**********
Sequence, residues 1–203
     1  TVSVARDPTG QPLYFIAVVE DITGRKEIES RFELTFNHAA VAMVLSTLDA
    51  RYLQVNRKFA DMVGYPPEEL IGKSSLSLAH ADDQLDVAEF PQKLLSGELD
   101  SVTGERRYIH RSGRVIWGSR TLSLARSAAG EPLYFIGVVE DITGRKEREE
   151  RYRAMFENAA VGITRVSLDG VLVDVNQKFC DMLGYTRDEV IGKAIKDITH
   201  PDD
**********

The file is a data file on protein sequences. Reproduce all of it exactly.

Sequence, residues 1–203
     1  TVSVARDPTG QPLYFIAVVE DITGRKEIES RFELTFNHAA VAMVLSTLDA
    51  RYLQVNRKFA DMVGYPPEEL IGKSSLSLAH ADDQLDVAEF PQKLLSGELD
   101  SVTGERRYIH RSGRVIWGSR TLSLARSAAG EPLYFIGVVE DITGRKEREE
   151  RYRAMFENAA VGITRVSLDG VLVDVNQKFC DMLGYTRDEV IGKAIKDITH
   201  PDD